FIG. 1 is a cross sectional view illustrating a temperature compensated pressure sensor mounted in a pressurized container in accordance with the invention; and

FIG. 2 is an enlarged partial sectional view of the sensor release mounting plate.

Although a preferred embodiment of the invention is to be described for mounting a sensor used to sense a fluid loss pressure in a container used for inflating a vehicular safety air bag, it is to be understood the invention may be used in other devices.

Referring to FIG. 1 of the drawing a preferred embodiment of the invention is shown as comprising substantially the same elements and components as described in detail in a co-pending United States patent application filed on the same date as this application, assigned to the same assignee and identified as assignees Docket No. 2407-FS and incorporated herein by reference. Like elements herein are therefore designated by the same reference numerals and will not be described in detail.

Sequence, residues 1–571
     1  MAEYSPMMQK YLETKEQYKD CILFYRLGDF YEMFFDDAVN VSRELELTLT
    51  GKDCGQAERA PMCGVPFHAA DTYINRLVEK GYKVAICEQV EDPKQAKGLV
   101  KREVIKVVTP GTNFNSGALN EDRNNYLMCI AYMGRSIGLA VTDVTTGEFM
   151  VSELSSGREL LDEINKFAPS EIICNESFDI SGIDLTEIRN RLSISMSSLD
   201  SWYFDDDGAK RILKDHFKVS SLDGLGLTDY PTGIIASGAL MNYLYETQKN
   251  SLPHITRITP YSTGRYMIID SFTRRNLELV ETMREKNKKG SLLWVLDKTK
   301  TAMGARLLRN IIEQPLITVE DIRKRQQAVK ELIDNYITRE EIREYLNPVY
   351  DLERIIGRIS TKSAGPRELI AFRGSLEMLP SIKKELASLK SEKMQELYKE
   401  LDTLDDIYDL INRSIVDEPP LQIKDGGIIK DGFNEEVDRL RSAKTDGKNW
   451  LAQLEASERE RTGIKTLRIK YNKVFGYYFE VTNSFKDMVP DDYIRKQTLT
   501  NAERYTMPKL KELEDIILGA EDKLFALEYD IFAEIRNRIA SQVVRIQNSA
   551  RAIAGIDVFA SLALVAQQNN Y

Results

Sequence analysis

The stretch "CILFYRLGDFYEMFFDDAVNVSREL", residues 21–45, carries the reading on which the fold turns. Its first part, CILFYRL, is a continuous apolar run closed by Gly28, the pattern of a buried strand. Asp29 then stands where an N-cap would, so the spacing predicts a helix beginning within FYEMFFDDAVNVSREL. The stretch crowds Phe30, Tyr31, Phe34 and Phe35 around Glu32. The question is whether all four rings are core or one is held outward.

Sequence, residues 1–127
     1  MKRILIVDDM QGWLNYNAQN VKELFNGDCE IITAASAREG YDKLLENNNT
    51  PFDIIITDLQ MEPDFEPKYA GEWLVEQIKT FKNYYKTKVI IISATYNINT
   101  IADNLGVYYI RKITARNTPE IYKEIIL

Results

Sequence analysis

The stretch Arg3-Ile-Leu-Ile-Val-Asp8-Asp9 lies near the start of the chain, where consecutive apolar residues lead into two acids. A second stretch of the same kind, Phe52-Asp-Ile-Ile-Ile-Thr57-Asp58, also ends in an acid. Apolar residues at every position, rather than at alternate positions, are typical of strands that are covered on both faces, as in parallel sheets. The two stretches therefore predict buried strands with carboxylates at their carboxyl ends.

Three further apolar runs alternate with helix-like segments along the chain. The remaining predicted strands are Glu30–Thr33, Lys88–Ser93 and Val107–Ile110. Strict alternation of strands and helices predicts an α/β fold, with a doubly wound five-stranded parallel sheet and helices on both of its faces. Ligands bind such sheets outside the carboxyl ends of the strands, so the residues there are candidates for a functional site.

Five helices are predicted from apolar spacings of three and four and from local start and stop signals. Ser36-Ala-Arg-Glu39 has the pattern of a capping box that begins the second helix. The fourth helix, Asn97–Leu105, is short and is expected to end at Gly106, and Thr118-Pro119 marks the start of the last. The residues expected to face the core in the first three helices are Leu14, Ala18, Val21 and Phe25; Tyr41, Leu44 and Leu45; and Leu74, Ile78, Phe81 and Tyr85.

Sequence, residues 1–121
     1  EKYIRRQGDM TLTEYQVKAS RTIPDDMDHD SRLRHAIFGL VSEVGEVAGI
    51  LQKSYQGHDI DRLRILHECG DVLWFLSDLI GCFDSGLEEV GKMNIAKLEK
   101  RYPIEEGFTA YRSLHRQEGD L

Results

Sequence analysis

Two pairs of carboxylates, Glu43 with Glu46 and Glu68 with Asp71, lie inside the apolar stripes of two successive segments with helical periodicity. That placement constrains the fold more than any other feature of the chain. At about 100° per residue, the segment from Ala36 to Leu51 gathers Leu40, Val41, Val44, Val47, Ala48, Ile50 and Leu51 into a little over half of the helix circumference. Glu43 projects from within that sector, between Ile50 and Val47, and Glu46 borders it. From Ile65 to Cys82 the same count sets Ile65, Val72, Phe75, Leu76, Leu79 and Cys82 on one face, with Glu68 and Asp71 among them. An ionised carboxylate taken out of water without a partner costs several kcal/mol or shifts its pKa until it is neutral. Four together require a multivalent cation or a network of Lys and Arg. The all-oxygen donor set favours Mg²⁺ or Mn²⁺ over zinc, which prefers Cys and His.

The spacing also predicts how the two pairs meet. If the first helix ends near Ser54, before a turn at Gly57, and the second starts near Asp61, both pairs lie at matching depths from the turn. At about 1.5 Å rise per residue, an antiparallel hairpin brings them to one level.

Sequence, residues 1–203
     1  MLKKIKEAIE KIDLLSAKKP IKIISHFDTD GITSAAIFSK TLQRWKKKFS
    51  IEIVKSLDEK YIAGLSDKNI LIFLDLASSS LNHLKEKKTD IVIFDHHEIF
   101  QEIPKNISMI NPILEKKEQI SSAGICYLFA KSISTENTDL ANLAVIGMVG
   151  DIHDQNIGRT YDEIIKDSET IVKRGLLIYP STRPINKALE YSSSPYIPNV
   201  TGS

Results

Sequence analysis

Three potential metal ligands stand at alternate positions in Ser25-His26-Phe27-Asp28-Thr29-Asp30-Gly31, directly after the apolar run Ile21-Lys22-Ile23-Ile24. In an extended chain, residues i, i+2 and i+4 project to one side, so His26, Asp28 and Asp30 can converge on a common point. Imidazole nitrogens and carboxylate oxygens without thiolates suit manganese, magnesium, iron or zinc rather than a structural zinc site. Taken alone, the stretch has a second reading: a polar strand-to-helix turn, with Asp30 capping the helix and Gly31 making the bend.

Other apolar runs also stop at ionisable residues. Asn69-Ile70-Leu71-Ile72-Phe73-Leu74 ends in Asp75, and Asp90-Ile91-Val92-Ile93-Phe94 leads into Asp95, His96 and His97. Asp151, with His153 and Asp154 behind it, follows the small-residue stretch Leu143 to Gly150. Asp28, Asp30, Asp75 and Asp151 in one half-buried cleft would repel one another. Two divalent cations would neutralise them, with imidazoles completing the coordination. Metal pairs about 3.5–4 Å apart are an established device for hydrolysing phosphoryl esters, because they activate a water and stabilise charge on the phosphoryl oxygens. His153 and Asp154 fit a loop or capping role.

The operation of the sensor designated generally by the reference numeral 36 is the same as that described in the co-pending patent application diaphragm 27 and connector pin 18 are maintained in contact to light lamp when the control pressure P] in container 14 is a desired value. When a determined loss in control pressure Pl occurs, the pressure difference between P] and P2 moves diaphragm 27 out of contact with the connector pin to open the circuit.

Since the sensor 36 is in the container 14 and subject to the same temperature changes any pressure variation caused by such temperature changes are equal and opposite in effect upon diaphragm 27. Thus the sensor is not affected by pressure variations caused by temperature changes in the container.

The sensor assembly 36 of this invention is identical to that described in the co-pending application except for the use of pressure responsive release means 39 and the manner of mounting the sensor in container 14.